Falls and electrocutions are the main causes of fatal injuries for power linemen, who often have to work in storms and cold to restore power.
Surprisingly, however, bad weather is not as much of a risk factor as one might think, according to Jim Tomaseski, director of safety and health for the International Brotherhood of Electrical Workers.
After high winds or ice storms cut power, the lines are de-energized, he said, making them much safer to work with. On jobs in regular weather, linemen may be dealing with thousands of volts.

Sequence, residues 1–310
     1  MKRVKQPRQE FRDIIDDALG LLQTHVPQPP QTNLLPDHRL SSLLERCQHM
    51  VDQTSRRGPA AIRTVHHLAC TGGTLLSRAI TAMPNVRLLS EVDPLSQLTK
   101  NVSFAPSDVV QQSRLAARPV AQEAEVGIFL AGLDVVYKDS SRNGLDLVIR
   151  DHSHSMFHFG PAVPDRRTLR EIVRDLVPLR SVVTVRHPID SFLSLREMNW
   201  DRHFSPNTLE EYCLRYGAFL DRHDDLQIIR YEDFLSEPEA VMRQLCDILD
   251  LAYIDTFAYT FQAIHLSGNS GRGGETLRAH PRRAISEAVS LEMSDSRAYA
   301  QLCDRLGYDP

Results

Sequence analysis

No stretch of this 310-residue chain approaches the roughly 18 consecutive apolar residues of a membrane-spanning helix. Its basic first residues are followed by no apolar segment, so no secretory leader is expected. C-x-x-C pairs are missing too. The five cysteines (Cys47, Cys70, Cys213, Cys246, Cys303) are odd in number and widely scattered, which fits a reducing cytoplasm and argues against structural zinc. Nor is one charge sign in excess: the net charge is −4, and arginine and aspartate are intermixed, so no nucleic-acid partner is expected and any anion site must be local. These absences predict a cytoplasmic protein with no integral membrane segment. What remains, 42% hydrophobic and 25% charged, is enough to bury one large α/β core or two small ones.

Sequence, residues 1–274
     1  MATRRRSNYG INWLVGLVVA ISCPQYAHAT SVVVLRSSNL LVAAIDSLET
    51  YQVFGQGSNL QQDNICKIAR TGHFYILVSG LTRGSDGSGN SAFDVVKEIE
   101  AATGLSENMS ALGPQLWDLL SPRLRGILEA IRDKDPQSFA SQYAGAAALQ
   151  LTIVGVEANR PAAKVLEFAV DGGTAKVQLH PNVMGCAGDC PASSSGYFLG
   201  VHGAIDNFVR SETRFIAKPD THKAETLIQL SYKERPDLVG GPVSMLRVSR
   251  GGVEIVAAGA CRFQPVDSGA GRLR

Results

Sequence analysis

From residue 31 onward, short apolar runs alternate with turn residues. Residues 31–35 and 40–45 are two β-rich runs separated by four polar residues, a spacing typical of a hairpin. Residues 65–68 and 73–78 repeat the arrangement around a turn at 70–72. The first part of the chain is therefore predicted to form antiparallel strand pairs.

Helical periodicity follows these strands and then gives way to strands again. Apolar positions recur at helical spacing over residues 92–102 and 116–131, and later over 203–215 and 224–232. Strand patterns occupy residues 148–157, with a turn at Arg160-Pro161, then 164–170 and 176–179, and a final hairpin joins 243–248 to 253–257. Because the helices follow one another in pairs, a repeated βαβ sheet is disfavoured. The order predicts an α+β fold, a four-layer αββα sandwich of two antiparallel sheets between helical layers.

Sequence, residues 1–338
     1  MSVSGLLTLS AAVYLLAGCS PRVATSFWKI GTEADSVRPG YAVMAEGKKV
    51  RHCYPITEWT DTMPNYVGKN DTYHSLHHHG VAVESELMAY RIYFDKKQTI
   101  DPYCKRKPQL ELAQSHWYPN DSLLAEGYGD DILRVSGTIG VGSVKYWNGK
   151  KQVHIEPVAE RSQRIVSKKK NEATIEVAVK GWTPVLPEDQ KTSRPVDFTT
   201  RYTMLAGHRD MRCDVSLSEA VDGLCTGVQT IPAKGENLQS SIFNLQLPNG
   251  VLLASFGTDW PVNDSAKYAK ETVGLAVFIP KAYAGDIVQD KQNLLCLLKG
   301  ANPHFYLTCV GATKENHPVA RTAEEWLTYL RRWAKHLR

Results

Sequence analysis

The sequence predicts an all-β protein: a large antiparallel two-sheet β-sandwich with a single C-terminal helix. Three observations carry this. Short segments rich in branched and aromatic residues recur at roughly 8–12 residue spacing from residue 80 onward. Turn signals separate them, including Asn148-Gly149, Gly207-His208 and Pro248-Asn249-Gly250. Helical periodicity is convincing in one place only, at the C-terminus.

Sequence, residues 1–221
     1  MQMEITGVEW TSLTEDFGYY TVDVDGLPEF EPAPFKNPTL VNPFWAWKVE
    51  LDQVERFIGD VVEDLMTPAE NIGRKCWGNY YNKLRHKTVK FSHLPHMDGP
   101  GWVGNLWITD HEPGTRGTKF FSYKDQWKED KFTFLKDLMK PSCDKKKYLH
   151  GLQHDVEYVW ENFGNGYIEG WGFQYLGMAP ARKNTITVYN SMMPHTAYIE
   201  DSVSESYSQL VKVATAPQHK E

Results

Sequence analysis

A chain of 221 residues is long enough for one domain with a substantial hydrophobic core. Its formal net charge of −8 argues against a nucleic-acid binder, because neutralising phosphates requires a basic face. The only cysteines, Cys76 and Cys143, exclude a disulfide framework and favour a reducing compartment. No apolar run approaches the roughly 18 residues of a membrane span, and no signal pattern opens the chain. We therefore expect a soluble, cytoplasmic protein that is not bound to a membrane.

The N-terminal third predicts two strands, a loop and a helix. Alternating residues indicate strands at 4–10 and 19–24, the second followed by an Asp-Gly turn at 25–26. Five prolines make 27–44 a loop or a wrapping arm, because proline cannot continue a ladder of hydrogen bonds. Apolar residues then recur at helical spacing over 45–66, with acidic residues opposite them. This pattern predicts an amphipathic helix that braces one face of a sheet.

Fatalities have dropped due to better training, tools and work practices. The emphasis, according to Tomaseski, has shifted a bit to safety from productivity.
"We're trying to perfect our work practices so we're not killing people trying to keep the lights on," he said.
Millions remain unemployed and these companies want to hire. But they are struggling to find the right people.